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The Core Curriculum


525 BCE – 456 BCE

Bust of Aeschylus- Roman Copy: Capitoline Museum, Rome. Public Domain ImageBust of Aeschylus- Roman Copy: Capitoline Museum, Rome. Public Domain Image “Aeschylus [is] the earliest Greek tragic poet whose work survives. Born at Eleusis, near Athens, of a noble family, he witnessed in his youth the end of tyranny at Athens, and in his maturity the growth of democracy. He took part in the Persian Wars, at the battle of Marathon in 490 (where his brother was killed) and probably at Salamis in 480 (which he describes in the Persians). At some time in his life he was prosecuted, it was said, on the charge of divulging the Eleusinian mysteries, but exculpated himself. He visited Syracuse at the invitation of the tyrant Hieron I more than once and died at Gela in Sicily; an anecdote relates that an eagle dropped a tortoise on his bald head and killed him. Soon after his death it was decreed as a unique honour that anyone who wished to produce his plays should be ‘granted a chorus.’ He had a son, Euphorion, like himself a tragic poet.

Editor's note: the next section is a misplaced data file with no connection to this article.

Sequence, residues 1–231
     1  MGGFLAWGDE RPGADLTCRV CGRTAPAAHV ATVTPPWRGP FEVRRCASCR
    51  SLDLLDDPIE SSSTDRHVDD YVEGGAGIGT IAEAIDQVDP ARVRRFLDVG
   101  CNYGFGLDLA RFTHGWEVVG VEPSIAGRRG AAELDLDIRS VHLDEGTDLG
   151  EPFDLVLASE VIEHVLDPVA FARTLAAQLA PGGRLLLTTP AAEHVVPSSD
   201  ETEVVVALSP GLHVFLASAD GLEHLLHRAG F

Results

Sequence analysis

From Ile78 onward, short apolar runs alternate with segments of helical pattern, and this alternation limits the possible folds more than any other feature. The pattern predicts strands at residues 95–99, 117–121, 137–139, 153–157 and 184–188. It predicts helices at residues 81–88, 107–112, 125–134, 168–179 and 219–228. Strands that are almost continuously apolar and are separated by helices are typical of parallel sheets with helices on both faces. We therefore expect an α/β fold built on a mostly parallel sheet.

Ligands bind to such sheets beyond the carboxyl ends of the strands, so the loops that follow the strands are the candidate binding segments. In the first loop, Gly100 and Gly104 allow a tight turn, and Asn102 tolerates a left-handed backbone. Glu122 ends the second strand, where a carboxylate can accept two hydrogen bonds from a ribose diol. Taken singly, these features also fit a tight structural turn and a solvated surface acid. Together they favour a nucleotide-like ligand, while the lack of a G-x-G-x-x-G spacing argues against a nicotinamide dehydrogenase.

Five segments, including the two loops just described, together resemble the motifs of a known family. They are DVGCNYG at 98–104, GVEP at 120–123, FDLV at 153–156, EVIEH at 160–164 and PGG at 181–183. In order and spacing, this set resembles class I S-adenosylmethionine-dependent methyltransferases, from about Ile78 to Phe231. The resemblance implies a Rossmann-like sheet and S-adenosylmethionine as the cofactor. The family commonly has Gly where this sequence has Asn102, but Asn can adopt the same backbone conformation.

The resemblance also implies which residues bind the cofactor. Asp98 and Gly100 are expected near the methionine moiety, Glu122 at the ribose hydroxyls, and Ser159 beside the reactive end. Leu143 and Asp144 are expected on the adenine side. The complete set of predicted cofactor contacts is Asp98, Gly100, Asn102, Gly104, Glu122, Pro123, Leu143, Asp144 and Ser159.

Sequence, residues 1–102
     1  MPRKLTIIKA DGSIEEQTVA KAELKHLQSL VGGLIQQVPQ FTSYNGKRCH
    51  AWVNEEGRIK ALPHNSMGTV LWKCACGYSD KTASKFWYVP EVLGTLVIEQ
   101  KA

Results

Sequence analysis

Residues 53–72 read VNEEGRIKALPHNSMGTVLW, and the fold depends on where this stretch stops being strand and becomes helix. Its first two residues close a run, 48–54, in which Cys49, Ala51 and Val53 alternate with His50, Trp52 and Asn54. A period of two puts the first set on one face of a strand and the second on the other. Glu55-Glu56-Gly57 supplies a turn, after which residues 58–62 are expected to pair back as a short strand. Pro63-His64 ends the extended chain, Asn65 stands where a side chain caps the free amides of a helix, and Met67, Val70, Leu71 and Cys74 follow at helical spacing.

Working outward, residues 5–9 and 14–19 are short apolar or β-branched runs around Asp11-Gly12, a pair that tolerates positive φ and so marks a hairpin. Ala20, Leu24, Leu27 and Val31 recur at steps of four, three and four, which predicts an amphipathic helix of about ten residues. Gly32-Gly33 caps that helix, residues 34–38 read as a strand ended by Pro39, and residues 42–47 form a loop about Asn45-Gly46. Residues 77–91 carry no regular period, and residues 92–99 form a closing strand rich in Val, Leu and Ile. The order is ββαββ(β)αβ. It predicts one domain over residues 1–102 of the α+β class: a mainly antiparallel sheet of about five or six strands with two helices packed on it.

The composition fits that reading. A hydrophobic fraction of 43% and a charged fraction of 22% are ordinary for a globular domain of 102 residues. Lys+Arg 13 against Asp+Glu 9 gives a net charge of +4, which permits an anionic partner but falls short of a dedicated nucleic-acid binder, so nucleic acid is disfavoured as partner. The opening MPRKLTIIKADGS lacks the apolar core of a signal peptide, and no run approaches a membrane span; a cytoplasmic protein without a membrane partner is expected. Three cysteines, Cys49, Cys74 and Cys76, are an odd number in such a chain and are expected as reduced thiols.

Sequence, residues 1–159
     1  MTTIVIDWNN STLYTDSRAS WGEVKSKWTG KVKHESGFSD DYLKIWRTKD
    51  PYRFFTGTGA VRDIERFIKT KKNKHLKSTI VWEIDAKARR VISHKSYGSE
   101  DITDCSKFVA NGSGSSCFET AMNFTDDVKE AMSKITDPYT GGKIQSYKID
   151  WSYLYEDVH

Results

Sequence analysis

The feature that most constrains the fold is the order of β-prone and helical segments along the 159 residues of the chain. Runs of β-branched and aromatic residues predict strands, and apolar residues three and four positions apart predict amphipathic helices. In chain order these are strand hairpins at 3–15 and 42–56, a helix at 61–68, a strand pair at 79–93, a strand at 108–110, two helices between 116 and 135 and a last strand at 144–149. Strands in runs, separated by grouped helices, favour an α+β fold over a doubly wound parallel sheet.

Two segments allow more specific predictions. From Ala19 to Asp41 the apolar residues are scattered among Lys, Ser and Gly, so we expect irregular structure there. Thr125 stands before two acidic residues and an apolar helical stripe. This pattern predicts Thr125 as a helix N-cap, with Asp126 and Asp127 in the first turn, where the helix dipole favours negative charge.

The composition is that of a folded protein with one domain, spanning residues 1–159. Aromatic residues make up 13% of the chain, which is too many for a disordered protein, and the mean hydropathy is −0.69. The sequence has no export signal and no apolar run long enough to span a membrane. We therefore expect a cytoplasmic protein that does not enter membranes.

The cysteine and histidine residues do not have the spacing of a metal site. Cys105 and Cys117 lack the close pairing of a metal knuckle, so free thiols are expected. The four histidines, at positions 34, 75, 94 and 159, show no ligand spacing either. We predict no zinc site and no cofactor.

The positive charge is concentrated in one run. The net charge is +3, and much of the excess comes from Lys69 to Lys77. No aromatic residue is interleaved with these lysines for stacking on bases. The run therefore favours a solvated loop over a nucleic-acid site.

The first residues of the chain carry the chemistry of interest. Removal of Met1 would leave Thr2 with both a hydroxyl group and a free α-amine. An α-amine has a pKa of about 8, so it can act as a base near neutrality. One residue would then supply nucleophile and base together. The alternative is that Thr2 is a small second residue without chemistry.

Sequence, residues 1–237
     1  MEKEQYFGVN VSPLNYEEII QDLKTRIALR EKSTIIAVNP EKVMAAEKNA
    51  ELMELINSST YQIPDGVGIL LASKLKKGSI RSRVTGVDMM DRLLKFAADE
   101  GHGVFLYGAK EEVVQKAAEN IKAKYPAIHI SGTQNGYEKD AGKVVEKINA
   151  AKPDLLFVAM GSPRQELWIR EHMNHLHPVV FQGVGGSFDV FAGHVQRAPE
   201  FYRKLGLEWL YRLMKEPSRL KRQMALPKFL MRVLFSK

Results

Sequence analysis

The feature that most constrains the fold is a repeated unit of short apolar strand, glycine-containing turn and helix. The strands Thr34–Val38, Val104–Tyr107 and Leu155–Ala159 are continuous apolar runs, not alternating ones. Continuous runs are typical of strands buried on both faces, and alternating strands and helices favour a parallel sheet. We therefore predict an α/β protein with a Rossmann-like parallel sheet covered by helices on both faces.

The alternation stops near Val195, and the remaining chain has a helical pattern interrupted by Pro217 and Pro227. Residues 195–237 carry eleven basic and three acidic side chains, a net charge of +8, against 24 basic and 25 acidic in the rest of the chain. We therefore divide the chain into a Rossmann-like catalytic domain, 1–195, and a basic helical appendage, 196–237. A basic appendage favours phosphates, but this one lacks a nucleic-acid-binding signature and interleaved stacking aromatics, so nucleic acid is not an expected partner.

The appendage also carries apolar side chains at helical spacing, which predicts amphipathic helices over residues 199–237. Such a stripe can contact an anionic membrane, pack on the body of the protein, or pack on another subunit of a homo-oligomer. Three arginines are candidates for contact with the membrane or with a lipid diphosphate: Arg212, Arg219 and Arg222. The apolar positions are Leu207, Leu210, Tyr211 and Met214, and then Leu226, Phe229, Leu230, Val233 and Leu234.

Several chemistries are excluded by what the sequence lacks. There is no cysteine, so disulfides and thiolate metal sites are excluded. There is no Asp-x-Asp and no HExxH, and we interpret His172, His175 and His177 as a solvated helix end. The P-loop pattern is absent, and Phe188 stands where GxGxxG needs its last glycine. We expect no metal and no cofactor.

“Aeschylus wrote some eighty to ninety plays (including satyric dramas) and won his first victory in the dramatic competitions of 484.... Seven plays only have come down to us, six of which we know to have come from prize-winning tetralogies: the Persians, produced in 472, the Seven Against Thebes in 467, the Oresteia trilogy, comprising the Agamemnon, the Choephoroe, and the Eumenides, in 458, and the Suppliants.... The other surviving play, Prometheus Bound, has several features not found elsewhere in the plays. Its date is uncertain, but it seems not to be an early work.